Assembly plants had manufactured more than 2,300 of the 62-ton M1 tank by January 1985, when the new version, the MlA1, was approved for full production. The MlA1 had improved armor and a 120mm. main gun that had increased range and kill probability. By the summer of 1990 several variations of the M1 had replaced the M60 in the active force and in a number of Army Reserve and National Guard battalions. Tankers had trained with the Abrams long enough to have confidence in it. In fact, many believed it was the first American tank since World War II that was qualitatively superior to Soviet models.

Production of M1A1 tanks for the US Army is complete. Over 8,800 M1 and M1A1 tanks have been produced for the US Army and Marine Corps, and the armies of Egypt, Saudi Arabia and Kuwait. Production of new M1A1 and M1A2 Abrams tanks is in its final phase for Foreign Military Sales. Egypt has purchased 777 M1A1 tank kits. The Kingdom of Saudi Arabia purchased and fielded 315 M1A2 Abrams tanks in the Royal Saudi Land Forces. The Government of Kuwait purchased and fielded 218 M1A2 Abrams tanks in the Kuwaiti Land Forces. All of these nations are considering additional orders or configuration upgrades.

Three versions of the Abrams tank are currently in service the original M1 model, dating from the early 1980s, and two newer versions, designated M1A1 and M1A2. The M1A1 series, produced from 1985 through 1993, replaced the M1's 105mm main gun with a 120mm gun and incorporated numerous other enhancements, including an improved suspension, a new turret, increased armor protection, and a nuclear-chemical-biological protection system. The newer M1A2 series includes all of the M1A1 features plus a commander's independent thermal viewer, an independent commander's weapon station, position navigation equipment, and a digital data bus and radio interface unit providing a common picture among M1A2s on the battlefield.

In lieu of new production, the Army upgraded approximately 1,000 older M1 tanks to the M1A2 configuration. The Army also initiated a modification program for the M1A2 to enhance its digital command and control capabilities and to add the second generation forward looking infrared (FLIR) sights to improve the tank's fightability and lethality during limited visibility. This system enhancement program will be fielded in the 2000 time frame concurrently with the M2A3 Bradley and other advanced digital systems. The initial M1A2 fielding to the First Calvary Division, Ft. Hood, TX, is underway. The Army will continue to field M1A2s to the CONUS contingency corps and other first to fight units.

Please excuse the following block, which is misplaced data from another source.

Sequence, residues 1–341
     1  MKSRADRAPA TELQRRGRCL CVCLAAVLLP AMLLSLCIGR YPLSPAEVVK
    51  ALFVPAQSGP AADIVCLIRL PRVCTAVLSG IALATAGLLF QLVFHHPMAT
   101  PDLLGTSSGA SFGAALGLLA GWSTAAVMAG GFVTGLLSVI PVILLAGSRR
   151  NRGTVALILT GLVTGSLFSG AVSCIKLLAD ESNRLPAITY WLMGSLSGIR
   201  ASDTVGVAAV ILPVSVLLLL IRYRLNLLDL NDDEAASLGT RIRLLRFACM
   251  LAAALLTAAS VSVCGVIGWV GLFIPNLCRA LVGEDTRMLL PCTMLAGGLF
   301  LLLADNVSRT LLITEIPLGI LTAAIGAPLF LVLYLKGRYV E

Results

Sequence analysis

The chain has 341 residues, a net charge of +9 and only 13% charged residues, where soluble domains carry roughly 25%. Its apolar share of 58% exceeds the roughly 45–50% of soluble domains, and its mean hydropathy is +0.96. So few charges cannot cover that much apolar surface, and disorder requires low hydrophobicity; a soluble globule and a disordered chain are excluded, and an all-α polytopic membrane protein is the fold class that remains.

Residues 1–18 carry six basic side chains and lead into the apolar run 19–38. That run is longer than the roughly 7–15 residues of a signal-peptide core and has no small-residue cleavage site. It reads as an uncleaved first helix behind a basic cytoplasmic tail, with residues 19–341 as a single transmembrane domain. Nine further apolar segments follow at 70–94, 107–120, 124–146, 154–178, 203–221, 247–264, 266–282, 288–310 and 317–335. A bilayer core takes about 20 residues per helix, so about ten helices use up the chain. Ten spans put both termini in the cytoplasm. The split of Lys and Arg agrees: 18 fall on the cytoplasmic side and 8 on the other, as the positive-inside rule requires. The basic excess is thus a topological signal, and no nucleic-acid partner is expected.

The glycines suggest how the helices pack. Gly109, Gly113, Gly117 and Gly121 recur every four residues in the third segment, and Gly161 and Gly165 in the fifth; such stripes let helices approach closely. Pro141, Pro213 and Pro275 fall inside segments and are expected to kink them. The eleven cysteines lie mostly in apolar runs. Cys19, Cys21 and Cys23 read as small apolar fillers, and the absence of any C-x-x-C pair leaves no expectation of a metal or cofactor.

By 2014 the Army wanted to stop Abrams production in 2016 to save money and resume work in 2019, when it planned to start building its next-generation Abrams tank, which it was developing with General Dynamics. A bipartisan group in Congress and Task Force LIMA have advocated to maintain minimal production until then. They believe it would actually cost more in the long run to close and then restart the program, and also jeopardize national security interests by losing the local skilled industrial workers in the meantime.

  M1/IPM1   M1A1   M1A2
Length: 32.04 FT   32.25 FT   32.25 FT
Width: 12.0 FT   12.0 FT   12.0 FT
Height: 7.79 FT   8.0 FT   8.0 FT
Top Speed: 45.0 MPH   41.5 MPH   41.5 MPH
Weight: 60 TONS   67.6 TONS   68.7 TONS
Armament: 105 MM   120 MM   120 MM
Crew: 4   4   4

The M1 series tank is equipped with a 1500 horsepower Lycoming Textron gas turbine engine coupled to an Allison hydrokenetic transmission with four forward and two reverse gears. It's tactical crusing range is approximately 275 miles. Despite it's weight, the M1 can attain a top speed of nearly 45 miles per hour. The main armament is a 120mm smooth bore cannon, which replaced the 105mm gun on the initial M1 version. It has day/night fire on the move capability which is provided by a laser range finder, thermal imaging night sight, optical day sight, and a digital ballistic computer. Both the fuel and ammunition are compartmented to enhance survivability. The hull and turret are protected by advanced armor similar to the Chobam armor developed by the British Ministry of Defense. When required, the Abrams may be fitted with "reactive armor" to thwart armor-defeating munitions.

The M1 Abrams tank, weathered considerable criticism and, in fact, began from the failure of a preceding tank program. The standard tanks in the Army inventory had been various models of the M48 and M60, both surpassed in some respects by new Soviet equipment. The XM803 was the successor to an abortive joint American-German Main Battle Tank-70 project and was intended to modernize the armored force. Concerned about expense, Congress withdrew funding for the XM803 in December 1971, thereby canceling the program, but agreed to leave the remaining surplus of $20 million in Army hands to continue conceptual studies.

For a time, designers considered arming tanks with missiles for long-range engagements. This innovation worked only moderately well in the M60A2 main battle tank and the M551 Sheridan armored reconnaissance vehicle, both of which were armed with the MGM51 Shillelagh gun launcher system. In the late 1960s, however, tank guns were rejuvenated by new technical developments that included a fin-stabilized, very high velocity projectile that used long-rod kinetic energy penetrators. Attention centered on 105-mm. and 120-mm. guns as the main armament of any new tank.